Mutual accountability and a faith community are tied to congregational authority of baptism. American individualism has clouded our thinking on this basic practice of the New Testament. The authority for baptism is congregational.
The second question we need to ask about the authority of baptism is ?
Is the authority objectiveor subjective?
I have heard pastors say that as long as the person feels satisfied with his baptism, it is acceptable. I have heard others say that even though the church or individual who performed the baptism believed in falling from grace, sprinkling for baptism or baptismal regeneration, that as long the believer did not accept those doctrines his or her baptism is valid. This makes baptismal authority subjective to the individual’s personal opinion rather than biblical objective truth. Acts 19 is an example that just any baptism is sufficient. Paul required those who had been immersed to be “re-baptized.”
Culture has become so self-absorbed that experience is now the final authority. Truth is whatever you want it to be. Forty years of neo-orthodoxy did more than undermine a belief in the nature of Scripture as the inerrant Word of God. By undermining the Bible, doctrinal orthodoxy has suffered correspondingly.
Baptism is for believers only (Acts 8:36-38). Baptism is by immersion only (Colossians 2:12). Baptism gives a testimony of Christ’s resurrection and a believer’s new life (Romans 6:3-4).
In the state where I serve the Alamo stands in San Antonio as a reminder of the 232 Americans who gave their lives on March 6, 1836 so that others might live free. Millions have been martyred through the last 20 centuries for believer’s baptism, which was a testimony of their faith in Christ. They died for a biblical doctrine we treat too cheaply. We must never lose sight of the objective truth that places value on the proper mode (immersion), the proper candidate (believer) and the proper authority (church).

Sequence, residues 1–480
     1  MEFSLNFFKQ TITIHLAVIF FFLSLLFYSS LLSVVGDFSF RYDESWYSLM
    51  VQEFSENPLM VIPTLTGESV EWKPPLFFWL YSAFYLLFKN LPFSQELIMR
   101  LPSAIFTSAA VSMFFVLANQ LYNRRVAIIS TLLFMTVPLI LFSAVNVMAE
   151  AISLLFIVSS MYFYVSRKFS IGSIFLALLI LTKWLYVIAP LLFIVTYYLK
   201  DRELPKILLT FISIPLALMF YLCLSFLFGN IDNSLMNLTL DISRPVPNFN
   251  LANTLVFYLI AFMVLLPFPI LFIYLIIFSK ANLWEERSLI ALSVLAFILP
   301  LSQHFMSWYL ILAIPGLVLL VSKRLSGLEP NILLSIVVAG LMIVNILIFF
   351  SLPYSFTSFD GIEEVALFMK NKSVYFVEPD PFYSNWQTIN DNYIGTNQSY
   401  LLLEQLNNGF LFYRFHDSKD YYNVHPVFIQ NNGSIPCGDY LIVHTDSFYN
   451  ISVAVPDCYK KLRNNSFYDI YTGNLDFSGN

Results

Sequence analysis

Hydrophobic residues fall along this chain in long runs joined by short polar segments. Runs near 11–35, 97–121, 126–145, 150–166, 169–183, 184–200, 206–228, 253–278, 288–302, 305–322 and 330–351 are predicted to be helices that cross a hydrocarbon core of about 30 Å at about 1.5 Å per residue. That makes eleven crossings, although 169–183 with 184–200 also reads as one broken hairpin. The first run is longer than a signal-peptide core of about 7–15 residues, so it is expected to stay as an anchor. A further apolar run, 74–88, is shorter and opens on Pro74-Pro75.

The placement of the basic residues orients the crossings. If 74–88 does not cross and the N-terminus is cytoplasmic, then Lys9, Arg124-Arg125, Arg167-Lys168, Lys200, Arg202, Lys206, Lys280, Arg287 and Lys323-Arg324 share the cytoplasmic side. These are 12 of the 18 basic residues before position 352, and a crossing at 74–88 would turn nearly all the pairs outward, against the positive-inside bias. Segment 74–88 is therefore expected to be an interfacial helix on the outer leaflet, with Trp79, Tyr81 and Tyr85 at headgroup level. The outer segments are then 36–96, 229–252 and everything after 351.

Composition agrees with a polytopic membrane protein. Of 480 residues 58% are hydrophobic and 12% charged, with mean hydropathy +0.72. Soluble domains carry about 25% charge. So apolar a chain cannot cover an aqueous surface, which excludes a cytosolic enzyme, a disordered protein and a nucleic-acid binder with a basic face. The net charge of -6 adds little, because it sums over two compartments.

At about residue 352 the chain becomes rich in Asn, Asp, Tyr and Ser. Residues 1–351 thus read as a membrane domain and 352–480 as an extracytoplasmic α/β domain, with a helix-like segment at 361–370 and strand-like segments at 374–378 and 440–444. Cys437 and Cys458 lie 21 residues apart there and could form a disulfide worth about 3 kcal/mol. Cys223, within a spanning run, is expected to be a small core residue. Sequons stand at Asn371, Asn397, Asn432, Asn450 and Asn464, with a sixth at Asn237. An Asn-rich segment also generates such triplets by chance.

The third question ?
Is the authority temporary or permanent?
The ultimate factor is that scriptural baptism can only be administered by a New Testament church. Hershel Hobbs emphasized this: “All Christian groups which practice baptism hold that it should precede the Lord’s Supper. Baptists say the same thing. The question is, ‘What constitutes New Testament baptism?’ Thus the difference between Baptists and others is at this point, not about the Supper.
Therefore, if Baptists are ‘closed’ anything they are ‘closed baptismists.'” If Hobbs was correct, we need to know the definition of a true New Testament church?
Allow me to submit a few irreducible marks. A true New Testament church has the following identifying marks:
4It consists of baptized believers in the Lord Jesus Christ (Acts 2:41).
4The Bible is its final rule of faith and practice (Acts 2:42). No extra-biblical revelations can equal the Word of God.
4It preaches salvation is by grace alone, through faith alone, in Christ alone? which includes eternal security of the believer (Hebrews 10:39).
4It is an autonomous Theo-democracy (Acts 1:15-26). Local church autonomy is under the Lordship of Jesus Christ.
Sadly, some Baptist churches are not New Testament churches. And some that have a different name than “Baptist” may well be a church of Jesus Christ. What a church believes and practices is what makes it a New Testament church?not the name over the door.
There are four levels of fellowship and cooperation. Individuals can relate under the blood of Christ. This is a common bond of all believers. Evangelistically, people and groups can work together when in agreement with the gospel message.
Article 15 of the Baptist Faith and Message states: Christians should be ready to work with “all men of good will in any goo